Reasons for introducing the law in Italy

The European Council11 and the European Parliament12 have specifically condemned FGM, and demanded the commitment of the member states to eradicate this practice. After admonitions of the European supranational organizations, many countries, made aware of the practice also by the strong immigration flows, perceived the necessity for official interventions against genital mutilation.

Of these countries, Italy was one that decided to promulgate a law. Despite the presence of about 30 000 women coming from countries where FGM is practised,4 few data are available regarding the actual dimensions of this phenomenon, which in most cases remains hidden, but none the less seems to affect thousands of immigrant women.

A survey conducted in 1993 by the Department of General Psychology of the University of Padua, Padua, Italy, on a sample of 318 obstetricans and gynaecologists working in hospitals and in university and private clinics of different regions,13 showed that

147 practitioners admitted having treated women or girls who have been circumcised or infibulated. Almost all had examined up to 10 circumcised women, but seven of them have counted up to 100 for each. Of these seven practitioners, five were working in Milan in specialised structures for the assistance to immigrated women, and two of them, of African origin, were working in the hospital in Florence and Padua. The medical examinations had taken place mostly at the hospital or in university clinics (57% of cases) and have been increasing since 1990, in coincidence with the war in Somalia. The patients, average age 25 years (with the alarming presence of about 40 girls between 2 and 16 years of age) had sought medical treatment for the consequences and the problems caused by the mutilations they had experienced. Only one quarter of these women had asked for de‐fibulation to “conform to western life style”. Finally, only two obstetrics had been asked to perform infibulation and had actually performed it. Women, in some cases girls, had gone to hospitals and clinics for the immediate consequences of the mutilations they had undergone. A stitch made with a silk suture thread or a little vaginal drainage tube were the evident proof that those mutilations had been done here in Italy, perhaps in some public structure and anyway by expert hands and with surgical techniques sometimes perfect.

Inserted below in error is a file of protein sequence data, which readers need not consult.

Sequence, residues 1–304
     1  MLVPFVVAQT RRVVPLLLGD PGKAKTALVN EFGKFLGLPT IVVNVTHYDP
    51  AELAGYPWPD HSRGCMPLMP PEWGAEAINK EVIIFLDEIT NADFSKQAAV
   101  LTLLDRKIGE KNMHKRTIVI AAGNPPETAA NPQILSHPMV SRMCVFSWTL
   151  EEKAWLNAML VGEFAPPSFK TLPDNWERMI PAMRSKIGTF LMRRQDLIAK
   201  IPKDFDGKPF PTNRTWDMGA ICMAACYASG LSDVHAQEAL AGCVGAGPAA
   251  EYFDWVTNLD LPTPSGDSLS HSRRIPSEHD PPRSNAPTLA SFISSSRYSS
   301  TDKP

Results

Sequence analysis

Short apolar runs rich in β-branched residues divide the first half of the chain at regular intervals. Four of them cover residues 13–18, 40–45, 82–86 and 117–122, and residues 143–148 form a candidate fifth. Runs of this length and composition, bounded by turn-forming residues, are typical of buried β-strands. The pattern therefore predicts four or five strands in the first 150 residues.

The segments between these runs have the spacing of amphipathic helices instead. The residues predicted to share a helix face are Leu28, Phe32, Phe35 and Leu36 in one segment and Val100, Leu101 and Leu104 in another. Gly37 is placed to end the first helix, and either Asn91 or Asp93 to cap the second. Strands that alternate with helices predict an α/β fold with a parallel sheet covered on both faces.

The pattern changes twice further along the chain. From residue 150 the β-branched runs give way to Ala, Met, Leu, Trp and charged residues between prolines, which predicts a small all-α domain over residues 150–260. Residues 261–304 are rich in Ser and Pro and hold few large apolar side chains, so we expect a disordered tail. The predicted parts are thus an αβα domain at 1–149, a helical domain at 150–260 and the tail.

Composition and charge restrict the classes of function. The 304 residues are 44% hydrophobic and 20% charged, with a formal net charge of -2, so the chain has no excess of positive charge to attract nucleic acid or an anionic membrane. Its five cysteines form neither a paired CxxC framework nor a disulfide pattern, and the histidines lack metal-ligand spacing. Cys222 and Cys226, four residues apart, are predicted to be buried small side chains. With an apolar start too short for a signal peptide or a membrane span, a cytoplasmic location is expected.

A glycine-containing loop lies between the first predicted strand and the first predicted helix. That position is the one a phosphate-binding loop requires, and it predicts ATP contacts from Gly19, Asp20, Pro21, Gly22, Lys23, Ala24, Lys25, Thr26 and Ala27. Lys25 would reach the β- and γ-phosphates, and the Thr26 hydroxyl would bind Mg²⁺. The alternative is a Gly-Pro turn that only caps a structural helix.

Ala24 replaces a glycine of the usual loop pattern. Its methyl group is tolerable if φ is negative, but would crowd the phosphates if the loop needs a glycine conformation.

Moreover, the same epidemiological survey reported:

We found the traditional midgan (midwives), descending from bon (ethnic group of hunters/collectors who inhabited the African savannah before the Somali tribes). They work at home, in Florence as well as in Trieste and probably also in the area between Milan and Bergamo. Their presence was reported also in the Somali community in Aprilia (Lazio).

Sirad Salad Hassan, a Somali physician who, between 1991 and 1993, has conducted an epidemiological–statistical survey on 34 Somali women aged 11–48 years living in Tuscany,14 comes to the same conclusion:

Also in some Italian cities, the girls are mutilated on the kitchen table, in their own dwellings, by expert people whom are expressly sent for from the countries of origin.

Clearly, the results of the study carried out in Padua show only a small part of a reality that is much more widespread. On the basis of statistics from the Ministry of Internal Affairs, it is possible to reasonably estimate that Italy has about 27 000–30 000 infibulated and circumcised women.

Data from the Tuscan Regional Referral Centre for the prevention and treatment of complications due to FGM show that in 1 year “about 40 interventions connected to female genital mutilations” have been executed (treatment of infections, defibulation interventions and vaginal plastic surgery).

These are the epidemiological data that, even in their absolute numerical vagueness, show a reality, which is for the most part hidden and with which the Italian healthcare providers must necessarily deal.

The law passed by the Italian Parliament appears in the cultural and juridical contexts of the strong condemnation of FGM, which has been recently animated by disputes regarding the proposal of a “harmless and symbolic” alternative to FGM to be practised on African women at a public hospital in Florence, Italy.

It is an alternative “ritual”, consisting of a puncture of the clitoris under local anaesthesia that would let a few drops of blood out, and was proposed by a Somali gynaecologist who graduated in Florence about 25 years ago and now heads the centre for the prevention and treatment of FGM. Negative reactions have been very strong at both political and cultural levels.15